UK troops hold cold-weather exercises with Nato applicants Sweden and Finland

Exercise Vigilant Knife aims to develop skills when fighting in low temperatures

The exercise took place in Rovaniemi and Rovajarvi, northern Finland. PA
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British forces have taken part in cold weather military exercises with Nato applicants Sweden and Finland.

Exercise Vigilant Knife was staged against the backdrop of the war in Ukraine, which has focused national security attention on potential threats from Russia.

“While there is war in Europe, it is more important than ever to strengthen our international partnerships,” British Defence Secretary Ben Wallace said.

“We welcome Finland and Sweden's application to join Nato and will continue to exercise together so we are ready to face shared security challenges.

“Exercise Vigilant Knife is an invaluable opportunity for UK personnel to develop their skills and experience of war-fighting in cold weather conditions, enabling them to be effective on the battlefield alongside their Finnish and Swedish counterparts.”

The UK Ministry of Defence said the exercise offered a strengthening of “interoperability”, as both Sweden and Finland attempt to join Nato.

The exercise gave soldiers experience of fighting in cold weather conditions. PA

The command-post exercise took place in Rovaniemi and Rovajarvi in northern Finland between Monday and Friday last week.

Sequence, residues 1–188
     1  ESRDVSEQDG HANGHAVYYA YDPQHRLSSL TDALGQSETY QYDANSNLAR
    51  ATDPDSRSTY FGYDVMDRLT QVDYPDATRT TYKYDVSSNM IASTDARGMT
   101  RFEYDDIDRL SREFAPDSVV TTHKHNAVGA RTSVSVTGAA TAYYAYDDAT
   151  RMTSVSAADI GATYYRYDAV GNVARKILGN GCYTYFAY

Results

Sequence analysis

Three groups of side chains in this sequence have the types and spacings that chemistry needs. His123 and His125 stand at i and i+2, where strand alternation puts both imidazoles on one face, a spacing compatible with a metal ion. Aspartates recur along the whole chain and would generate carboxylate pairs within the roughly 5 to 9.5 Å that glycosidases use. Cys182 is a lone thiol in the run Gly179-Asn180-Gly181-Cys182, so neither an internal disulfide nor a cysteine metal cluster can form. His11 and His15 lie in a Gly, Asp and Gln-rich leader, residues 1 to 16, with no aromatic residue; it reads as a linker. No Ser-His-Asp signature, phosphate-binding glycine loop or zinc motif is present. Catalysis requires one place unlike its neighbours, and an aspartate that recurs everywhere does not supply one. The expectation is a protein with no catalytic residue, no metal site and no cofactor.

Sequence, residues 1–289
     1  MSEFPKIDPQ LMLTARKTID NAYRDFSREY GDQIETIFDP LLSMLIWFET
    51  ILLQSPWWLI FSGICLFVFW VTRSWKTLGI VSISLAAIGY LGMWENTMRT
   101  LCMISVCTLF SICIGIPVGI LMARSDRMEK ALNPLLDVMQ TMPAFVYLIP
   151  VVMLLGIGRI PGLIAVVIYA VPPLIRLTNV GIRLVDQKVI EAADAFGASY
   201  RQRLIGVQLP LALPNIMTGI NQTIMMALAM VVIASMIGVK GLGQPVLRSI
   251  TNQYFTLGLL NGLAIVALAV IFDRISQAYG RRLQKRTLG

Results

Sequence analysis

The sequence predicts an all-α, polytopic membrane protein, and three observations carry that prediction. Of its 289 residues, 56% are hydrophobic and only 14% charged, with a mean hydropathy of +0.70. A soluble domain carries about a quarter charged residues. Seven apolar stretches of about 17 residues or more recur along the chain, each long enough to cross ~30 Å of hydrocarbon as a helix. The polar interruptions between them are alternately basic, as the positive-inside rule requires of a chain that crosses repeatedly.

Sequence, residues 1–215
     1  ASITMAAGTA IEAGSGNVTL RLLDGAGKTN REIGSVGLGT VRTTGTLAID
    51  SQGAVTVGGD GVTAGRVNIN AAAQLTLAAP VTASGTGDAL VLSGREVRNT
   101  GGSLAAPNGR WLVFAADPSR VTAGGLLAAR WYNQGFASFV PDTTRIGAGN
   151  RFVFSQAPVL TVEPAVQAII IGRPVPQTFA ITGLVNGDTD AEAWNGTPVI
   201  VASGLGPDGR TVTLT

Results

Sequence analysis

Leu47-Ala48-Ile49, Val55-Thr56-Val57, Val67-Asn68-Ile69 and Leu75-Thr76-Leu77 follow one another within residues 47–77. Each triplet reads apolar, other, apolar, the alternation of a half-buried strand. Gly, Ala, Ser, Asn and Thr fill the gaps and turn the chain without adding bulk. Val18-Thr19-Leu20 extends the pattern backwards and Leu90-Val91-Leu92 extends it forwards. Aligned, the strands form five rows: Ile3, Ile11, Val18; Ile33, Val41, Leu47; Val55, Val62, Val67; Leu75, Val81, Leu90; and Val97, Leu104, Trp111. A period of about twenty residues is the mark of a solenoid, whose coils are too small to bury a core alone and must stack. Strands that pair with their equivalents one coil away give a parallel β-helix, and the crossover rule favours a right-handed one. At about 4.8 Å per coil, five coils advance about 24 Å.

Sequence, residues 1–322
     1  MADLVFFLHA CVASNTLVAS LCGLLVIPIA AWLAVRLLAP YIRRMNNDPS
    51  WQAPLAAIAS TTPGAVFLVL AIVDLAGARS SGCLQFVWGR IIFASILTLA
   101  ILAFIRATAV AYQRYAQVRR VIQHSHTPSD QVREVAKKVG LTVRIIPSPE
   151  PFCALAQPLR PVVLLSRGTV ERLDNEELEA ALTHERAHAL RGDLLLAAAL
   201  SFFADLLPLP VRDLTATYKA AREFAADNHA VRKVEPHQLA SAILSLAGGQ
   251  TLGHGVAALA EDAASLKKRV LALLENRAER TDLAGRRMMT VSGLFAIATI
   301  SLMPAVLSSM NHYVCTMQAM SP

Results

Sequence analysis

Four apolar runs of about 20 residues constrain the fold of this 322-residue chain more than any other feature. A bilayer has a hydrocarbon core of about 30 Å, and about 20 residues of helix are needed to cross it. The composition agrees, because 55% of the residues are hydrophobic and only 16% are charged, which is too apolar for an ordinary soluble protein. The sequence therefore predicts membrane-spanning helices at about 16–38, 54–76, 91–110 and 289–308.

Both Sweden’s and Finland’s bids to join the alliance have been delayed over concerns from Nato member Turkey that the two Nordic neighbours would not extradite people it considers to be terrorists.

Turkey, which has veto power over new applicants, made its approval for the applications conditional on a series of demands, one of which was the extradition issue.

Finland and Sweden submitted their Nato applications after Russia invaded Ukraine.

In an agreement signed by Sweden and Finland at a Nato summit in Madrid in late June, the two countries agreed to examine Turkish extradition requests “expeditiously and thoroughly”.

Turkey believes Sweden and Finland have been havens for Kurdish militants.

Turkey dropped its veto to Finland and Sweden joining Nato in June, putting the countries on the fast track into the 30-nation alliance.

Nato Secretary General Jens Stoltenberg said the admission of the two countries would create a blueprint for the alliance “in a more dangerous and unpredictable world”, changing regional security and strengthening its presence in Europe.

Updated: September 04, 2022, 11:07 AM
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